Minimalism isn’t just about letting go of excess physical possessions and the things we no longer use or enjoy. It is a whole-person release of everything that is not adding to but diminishing from our well-being. There are things that complicate our lives far more than the clutter we can see —things like the heavy burden of regret.
Regret is a powerful anchor that will hold us firmly in the past and prevent us from enjoying the present. It is an all-consuming stronghold that will interject its destructive presence into the happiest of moments, pulling a palpable cloud over a life that has otherwise managed to find a sense of peace.
If we have lived very long at all, there is a pretty good chance we have done at least a few things we wish we hadn’t. Some of the things we wish we could go back and undo are things that had only an internal effect on us —they didn’t really impact or hurt anyone else. Then there are the more complicated regrets that stem from seeds we have sown that planted pain and heartache in the life of others. Whatever the type of regret, walking its path is a hard row to hoe.
Eighteen years ago, I stood by the bedside of my dying father. Six years ago, I repeated the heart-wrenching scene in a different ICU room by my mother as her beautiful life slowly ebbed away. Both of my parents struggled much of their lives with a shadowing sense of regret over their own mistakes and failures. Watching both of them draw their final breath gave me a sense of clarity about the complete futility of walking through life burdened with regret. Here are five lessons I wish my dear parents had learned before their lives were over, and it was too late.
1. Accept the reality of the thing you regret.
The mistakes are real. They happened, and history cannot be rewritten. We can’t go back and pluck up seeds that have been sown, and what we sow will grow. Trying to recuse ourselves from responsibility will only put a band-aid on the wrongdoing and hide it from sight. Embracing reality and acknowledging the truth is the first step toward releasing regret.
2. Forgive yourself.
Show yourself the same kind of mercy you want others to extend when you have wronged them. Stop beating yourself up for doing something that you cannot undo. If you could go back to the moment before it happened, you would. Do the thing that you can do and open your heart to grace and the relief that comes from no longer carrying the burden of blame. Forgiving yourself won’t negate the thing you regret, but it will set you free from the power it holds over you.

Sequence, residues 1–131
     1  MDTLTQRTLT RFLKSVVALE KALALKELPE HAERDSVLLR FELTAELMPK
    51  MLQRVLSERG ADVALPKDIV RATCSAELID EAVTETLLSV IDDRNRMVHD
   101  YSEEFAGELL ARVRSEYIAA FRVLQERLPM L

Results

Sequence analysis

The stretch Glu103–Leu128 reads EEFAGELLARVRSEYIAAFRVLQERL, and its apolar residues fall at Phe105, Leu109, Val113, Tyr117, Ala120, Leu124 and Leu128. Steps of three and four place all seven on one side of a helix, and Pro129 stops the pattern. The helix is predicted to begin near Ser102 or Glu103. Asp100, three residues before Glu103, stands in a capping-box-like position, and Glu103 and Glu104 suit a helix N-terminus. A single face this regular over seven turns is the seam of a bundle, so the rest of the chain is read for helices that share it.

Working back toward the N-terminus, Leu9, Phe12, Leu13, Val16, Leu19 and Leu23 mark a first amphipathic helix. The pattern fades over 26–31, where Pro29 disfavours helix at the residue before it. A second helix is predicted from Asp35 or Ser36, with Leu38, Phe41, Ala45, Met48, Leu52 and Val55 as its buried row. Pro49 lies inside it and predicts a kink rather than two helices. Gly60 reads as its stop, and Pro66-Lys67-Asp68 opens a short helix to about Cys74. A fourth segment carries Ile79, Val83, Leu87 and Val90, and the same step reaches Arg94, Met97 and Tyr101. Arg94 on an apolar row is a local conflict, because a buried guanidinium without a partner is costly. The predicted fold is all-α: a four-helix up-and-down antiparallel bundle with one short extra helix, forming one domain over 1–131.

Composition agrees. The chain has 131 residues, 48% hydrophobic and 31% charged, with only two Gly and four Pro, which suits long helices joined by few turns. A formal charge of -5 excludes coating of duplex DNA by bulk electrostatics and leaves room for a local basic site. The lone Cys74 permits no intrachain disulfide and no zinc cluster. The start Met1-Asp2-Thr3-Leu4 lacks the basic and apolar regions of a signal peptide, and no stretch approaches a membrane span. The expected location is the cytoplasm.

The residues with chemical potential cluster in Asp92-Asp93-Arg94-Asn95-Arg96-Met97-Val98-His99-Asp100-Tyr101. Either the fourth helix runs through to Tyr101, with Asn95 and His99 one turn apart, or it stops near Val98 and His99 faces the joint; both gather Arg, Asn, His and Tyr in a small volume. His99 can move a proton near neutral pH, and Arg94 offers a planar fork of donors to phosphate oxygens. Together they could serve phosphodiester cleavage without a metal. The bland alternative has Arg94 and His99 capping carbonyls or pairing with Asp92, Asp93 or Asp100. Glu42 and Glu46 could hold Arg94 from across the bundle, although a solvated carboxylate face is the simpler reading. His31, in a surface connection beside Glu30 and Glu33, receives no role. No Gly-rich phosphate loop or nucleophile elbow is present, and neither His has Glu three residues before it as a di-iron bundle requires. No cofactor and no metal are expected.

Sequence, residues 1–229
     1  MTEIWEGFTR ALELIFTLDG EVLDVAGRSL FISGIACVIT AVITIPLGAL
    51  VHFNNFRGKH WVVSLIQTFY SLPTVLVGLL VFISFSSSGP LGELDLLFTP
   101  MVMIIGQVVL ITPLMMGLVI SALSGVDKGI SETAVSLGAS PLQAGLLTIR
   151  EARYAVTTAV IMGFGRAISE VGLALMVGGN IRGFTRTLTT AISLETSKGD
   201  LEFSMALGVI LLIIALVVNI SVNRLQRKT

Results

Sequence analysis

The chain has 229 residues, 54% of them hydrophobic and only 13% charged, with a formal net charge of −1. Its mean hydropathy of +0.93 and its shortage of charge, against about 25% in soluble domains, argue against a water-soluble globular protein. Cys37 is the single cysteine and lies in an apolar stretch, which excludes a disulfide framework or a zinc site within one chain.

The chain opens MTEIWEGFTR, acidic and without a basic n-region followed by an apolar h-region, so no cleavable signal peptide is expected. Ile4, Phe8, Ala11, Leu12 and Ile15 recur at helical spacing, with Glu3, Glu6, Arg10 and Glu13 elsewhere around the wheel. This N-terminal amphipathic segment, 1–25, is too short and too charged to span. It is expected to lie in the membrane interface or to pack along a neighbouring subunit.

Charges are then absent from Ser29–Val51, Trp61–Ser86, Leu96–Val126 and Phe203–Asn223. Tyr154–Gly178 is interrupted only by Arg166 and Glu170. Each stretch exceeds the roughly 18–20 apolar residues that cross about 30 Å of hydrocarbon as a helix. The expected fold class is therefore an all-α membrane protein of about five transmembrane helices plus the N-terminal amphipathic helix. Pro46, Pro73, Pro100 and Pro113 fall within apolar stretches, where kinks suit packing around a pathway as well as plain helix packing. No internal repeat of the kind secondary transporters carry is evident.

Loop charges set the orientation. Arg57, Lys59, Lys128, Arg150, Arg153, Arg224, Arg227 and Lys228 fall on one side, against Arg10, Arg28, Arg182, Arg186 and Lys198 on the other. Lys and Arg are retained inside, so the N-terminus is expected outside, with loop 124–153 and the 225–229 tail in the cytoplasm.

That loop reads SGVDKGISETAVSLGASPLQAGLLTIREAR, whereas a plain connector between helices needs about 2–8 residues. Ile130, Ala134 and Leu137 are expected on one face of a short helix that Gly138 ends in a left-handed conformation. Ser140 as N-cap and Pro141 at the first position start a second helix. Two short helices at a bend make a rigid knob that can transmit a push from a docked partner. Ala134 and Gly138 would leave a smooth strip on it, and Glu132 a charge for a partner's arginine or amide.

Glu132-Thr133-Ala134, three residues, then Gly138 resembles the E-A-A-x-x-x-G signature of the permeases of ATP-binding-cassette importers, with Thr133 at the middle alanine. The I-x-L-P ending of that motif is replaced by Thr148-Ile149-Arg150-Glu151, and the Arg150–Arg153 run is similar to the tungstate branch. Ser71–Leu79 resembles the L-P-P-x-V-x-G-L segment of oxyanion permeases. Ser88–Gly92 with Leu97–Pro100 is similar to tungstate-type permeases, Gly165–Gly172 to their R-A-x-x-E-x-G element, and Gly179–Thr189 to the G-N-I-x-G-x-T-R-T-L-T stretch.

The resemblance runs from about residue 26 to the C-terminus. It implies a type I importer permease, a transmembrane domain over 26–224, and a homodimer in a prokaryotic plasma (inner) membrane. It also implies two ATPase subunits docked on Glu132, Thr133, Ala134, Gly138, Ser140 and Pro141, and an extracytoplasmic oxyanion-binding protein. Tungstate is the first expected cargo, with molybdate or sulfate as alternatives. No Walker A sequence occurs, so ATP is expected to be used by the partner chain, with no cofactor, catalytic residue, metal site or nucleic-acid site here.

3. Make amends.
If the thing you regret has wounded the heart of another, apologize without excuse and with sincerity of heart. Do what you reasonably can to mend fences and repair what your actions have broken, without crossing over into the trap of overcompensation. I say “reasonably” because there are those who will demand more of you than what is required, especially if their motives are stemming from hurt and feeling the need to make you “pay” for wrongdoing. This is where it can get tricky because regret can cloud what is reasonable. Your own inward sense of peace is a reliable guide to let you know when you have done enough.
4. Forget what is behind you.
Leave the past where it happened. Don’t keep talking about your failures and mistakes. The more you give voice to them, the larger they will appear. Release anything that reminds you of the regrettable action. I am deeply remorseful over a life decision my husband and I made that led our family into a church situation that adversely affected and wounded the spirit of our son. Is there anything harder to deal with than parenting regret? I have wished a thousand times that we had made a different choice, but what is done is done. Letting go of everything tangible that brings back memories of that season of life has been very helpful on our journey to healing. Reliving and being reminded of regrettable actions only perpetuates misery and gives license for the negative to stay alive in your life. Today is too precious to waste on “if onlys.”
5. Do the opposite of what you regret.
We can’t change the past, but what we do have control over is how we will live our lives going forward. Regret is a painful, albeit effective teacher. Learn from its lessons. Though we are all subject to the same human condition, and we will continue to make mistakes as long as we live, taking note of what regret has taught us can prevent the repeating of similar actions we will be sorry for in the future. Replace regretful contemplation with positive action. When wishing you had done things differently overwhelms your thinking, get proactive. Channel your thoughts into what is uplifting. Read something that inspires you. Do something nice for someone. Reach out with a benevolent hand. Be kind to everyone you meet. Smile. We are all in the ring with wishing we had done things differently in the past, but it is amazing how doing something positive, productive, and constructive will knock out the giant of regret.
At the end of our days, the only regret that will remain is that we ever allowed it to have a place in our lives at all.